"Canada is often forgotten"

Minister of Foreign Affairs John Manley spoke at the University of Calgary’s Rozsa Centre Tues., Oct. 31, outlining the direction in which he plans to export the Canadian economy. Manley traced his background as Minister of Industry and how he plans to continue to highlight economic and trade issues in foreign policy.

"The most important thing for me is that the Foreign Affairs portfolio continues to be an economic portfolio," he said. "The question to answer is, what is Canada doing to prepare for the new economy?"

He was also keen to point out future areas of concern to the trade economy, including competition with Mexico, to be included on the American trade agenda.

"Canada is often forgotten," he said while discussing border and trade issues. "It’s impossible to not see the U.S. as being Canada’s largest trading partner, but it is possible to see Canada as not being the U.S.’s largest trading partner… It’s not the U.S. we need to have an eye on but Mexico. That’s where our competition is going to come from."

Only 14 days into his job, Manley was admittedly unfamiliar with his new portfolio, exacerbated by the fact he was speaking to a group familiar with foreign affairs and defence issues. He preferred to defer questions on issues such as land mines and human rights, but emphasized a need to coordinate policies with the Ministry of Defence. He also cited a need to clearly state a policy towards nations with human rights infractions in a consistent fashion, a common criticism by the opposition and human rights groups of past relations. He was also concerned with getting to know new faces in the U.S. administration.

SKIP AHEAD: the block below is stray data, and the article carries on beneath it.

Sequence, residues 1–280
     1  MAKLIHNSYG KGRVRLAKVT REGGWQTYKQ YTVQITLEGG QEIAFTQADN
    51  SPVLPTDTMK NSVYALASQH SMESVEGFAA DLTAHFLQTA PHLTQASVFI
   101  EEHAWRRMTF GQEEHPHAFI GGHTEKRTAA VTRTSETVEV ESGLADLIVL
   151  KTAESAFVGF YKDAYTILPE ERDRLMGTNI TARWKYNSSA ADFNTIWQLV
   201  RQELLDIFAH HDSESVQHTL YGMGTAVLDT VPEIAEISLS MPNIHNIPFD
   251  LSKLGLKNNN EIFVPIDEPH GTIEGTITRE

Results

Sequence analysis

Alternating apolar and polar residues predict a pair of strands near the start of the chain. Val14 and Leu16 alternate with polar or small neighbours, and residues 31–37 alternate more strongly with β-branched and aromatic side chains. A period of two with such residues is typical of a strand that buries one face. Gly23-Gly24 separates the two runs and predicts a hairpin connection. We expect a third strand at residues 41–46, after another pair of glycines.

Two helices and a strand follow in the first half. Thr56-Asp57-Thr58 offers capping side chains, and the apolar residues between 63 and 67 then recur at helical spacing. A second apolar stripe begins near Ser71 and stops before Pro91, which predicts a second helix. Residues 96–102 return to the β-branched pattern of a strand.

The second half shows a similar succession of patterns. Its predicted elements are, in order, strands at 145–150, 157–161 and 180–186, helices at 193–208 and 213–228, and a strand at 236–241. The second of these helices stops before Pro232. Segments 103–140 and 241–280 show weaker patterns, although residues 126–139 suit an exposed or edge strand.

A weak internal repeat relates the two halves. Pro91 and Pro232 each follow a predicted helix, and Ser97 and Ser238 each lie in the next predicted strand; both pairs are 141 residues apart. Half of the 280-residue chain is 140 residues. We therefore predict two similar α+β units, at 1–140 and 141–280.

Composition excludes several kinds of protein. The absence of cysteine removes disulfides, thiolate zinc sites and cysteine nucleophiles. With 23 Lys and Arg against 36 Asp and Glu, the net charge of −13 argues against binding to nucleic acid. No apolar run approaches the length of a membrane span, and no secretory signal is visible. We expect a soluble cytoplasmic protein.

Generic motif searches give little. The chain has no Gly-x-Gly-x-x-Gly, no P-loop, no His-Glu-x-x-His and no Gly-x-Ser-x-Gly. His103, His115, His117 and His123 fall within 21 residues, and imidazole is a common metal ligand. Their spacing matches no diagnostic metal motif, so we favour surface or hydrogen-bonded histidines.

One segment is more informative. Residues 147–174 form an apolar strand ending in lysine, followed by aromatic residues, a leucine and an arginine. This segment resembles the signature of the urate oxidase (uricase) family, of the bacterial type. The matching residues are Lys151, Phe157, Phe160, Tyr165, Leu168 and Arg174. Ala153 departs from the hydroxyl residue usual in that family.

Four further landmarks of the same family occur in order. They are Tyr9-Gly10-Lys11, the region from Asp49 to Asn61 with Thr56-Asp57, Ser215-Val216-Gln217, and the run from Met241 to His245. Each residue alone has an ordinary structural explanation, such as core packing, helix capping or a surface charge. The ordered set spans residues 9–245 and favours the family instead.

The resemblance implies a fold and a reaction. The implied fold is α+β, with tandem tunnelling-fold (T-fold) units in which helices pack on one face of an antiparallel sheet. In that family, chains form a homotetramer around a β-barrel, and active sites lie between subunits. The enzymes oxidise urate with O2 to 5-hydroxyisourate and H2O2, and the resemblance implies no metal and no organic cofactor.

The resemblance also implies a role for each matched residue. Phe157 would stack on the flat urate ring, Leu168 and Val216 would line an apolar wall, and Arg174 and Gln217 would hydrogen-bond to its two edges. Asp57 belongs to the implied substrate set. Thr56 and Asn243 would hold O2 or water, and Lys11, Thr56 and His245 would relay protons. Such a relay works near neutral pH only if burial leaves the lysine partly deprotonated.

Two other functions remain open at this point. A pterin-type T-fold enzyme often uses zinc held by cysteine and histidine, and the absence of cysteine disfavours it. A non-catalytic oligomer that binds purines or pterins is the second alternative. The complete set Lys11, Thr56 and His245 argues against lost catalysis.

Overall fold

The talk thinly disguised an attempt to garner support for the Liberal party as three local Liberal candidates in the Nov. 27 election were also present. Manley emphasized what the Liberal party has done for University students and the support given to Calgary.

"No government, federal or provincial can spend too much money on education," he affirmed, recognizing the recent developments in debt alleviation such as the Millennium Scholarship Fund and tax exemptions. "It’s the only way to move towards the knowledge economy."

Quick to identify differences and shortcomings in the Canadian Alliance position, Manley encouraged the audience to read the Alliance election platform.

"Zero in on the part about the new economy; there’s nothing there," said Manley. "Nothing on how to prepare for the coming changes the world is going to make."